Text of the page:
The Great War diary of Jack Halstead
JACK Halstead was Royston born and bred. His diary was kept during the First World War while he was serving on the Western Front. Copies of the diary – Jack s War – are available from Royston & District Museum, and by taking this article to the museum it
JACK Halstead was Royston born and bred. His diary was kept during the First World War while he was serving on the Western Front.
Copies of the diary - Jack's War - are available from Royston & District Museum, and by taking this article to the museum it is on sale at the reduced purchase price of £15.
- Went up to reserve position as guard. No gun there, only ammunition. Not a very pleasant job, being on one's own. I remember making up my bed on top of shells, and remember no more until morning.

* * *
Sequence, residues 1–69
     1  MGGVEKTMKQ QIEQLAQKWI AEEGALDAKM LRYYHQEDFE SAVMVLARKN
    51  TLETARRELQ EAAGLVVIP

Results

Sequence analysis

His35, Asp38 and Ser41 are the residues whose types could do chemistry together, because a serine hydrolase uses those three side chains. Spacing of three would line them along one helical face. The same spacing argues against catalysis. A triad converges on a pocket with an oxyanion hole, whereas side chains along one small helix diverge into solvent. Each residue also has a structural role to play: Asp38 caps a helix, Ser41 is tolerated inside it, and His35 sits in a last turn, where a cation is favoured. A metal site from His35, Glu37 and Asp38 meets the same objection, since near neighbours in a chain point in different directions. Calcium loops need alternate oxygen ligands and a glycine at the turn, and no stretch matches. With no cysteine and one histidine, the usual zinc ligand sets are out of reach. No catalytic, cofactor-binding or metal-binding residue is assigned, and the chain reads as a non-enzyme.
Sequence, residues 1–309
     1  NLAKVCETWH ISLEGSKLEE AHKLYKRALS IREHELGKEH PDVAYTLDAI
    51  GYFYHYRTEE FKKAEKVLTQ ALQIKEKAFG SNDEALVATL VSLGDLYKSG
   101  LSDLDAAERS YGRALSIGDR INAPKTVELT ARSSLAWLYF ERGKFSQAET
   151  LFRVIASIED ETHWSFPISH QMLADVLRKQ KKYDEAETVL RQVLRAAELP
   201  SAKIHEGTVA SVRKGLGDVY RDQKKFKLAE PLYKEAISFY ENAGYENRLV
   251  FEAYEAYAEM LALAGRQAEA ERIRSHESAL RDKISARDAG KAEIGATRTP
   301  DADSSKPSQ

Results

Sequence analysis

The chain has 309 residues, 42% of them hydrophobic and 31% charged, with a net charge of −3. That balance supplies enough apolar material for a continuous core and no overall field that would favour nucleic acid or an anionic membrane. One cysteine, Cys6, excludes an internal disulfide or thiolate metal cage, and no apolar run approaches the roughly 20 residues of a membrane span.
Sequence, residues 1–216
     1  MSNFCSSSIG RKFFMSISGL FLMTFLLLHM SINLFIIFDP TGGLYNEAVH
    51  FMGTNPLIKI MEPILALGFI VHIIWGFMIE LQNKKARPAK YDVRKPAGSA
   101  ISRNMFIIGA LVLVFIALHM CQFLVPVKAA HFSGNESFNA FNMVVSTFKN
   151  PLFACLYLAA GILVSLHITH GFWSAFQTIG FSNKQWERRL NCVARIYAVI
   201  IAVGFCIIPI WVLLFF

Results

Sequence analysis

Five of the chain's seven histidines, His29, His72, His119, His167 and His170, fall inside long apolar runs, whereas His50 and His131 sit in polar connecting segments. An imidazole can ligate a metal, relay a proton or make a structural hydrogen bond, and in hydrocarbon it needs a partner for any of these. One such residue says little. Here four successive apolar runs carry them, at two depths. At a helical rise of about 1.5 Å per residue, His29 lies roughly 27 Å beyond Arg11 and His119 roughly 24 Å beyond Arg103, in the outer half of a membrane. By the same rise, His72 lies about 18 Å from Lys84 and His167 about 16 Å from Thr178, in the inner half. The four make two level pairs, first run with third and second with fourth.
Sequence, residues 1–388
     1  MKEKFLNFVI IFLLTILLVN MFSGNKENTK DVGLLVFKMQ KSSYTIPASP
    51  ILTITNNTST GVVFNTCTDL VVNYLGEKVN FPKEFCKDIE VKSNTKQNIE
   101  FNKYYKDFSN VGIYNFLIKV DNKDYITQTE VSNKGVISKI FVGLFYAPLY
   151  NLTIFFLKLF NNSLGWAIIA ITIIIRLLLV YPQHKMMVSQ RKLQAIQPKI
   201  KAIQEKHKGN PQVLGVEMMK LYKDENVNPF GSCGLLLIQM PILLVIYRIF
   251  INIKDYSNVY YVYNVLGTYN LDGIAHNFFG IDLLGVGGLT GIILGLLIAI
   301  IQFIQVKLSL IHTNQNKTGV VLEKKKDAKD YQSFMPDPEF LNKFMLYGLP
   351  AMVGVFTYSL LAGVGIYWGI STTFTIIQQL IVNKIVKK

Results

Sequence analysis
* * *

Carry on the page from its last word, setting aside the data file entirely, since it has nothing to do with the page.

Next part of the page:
Still it was rather a bad principle to send a lone guard.
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If anything had happened well - on my way back, I found a dead Indian. He had been wounded. He had unwound his turban for a bandage - yards of it.
- May 6, 1917.
- 1 Jail for thief who stole scrap metal worth hundreds
- 2 'Community campaigns are making an impact, so have your say on rail link'
- 3 Three household waste collection crews suspended
- 4 Where has the Duke of Edinburgh visited in Hertfordshire?
- 5 Have your say on Barkway Road development proposal
- 6 Arrest made after woman verbally abused in alleyway
- 7 Family builds fairy garden for grandchildren during lockdown
- 8 Consultation on East West Rail route opens
- 9 'We have a huge task on our hands, but The Pheasant will fly again'
- 10 What can open on April 12 when lockdown rules ease?
n A captive balloon broke loose and floated low over our position. Some guns in rear tried to hit it, but no, it drifted over the enemy's line.
And so we carried on. Weather now was quite good and we were not hard worked and the Front became quieter.
The air force was active on both sides. Air fights were plentiful. Really we were somewhat disappointed if we did not see our every evening air fight.
- May 7, 1917.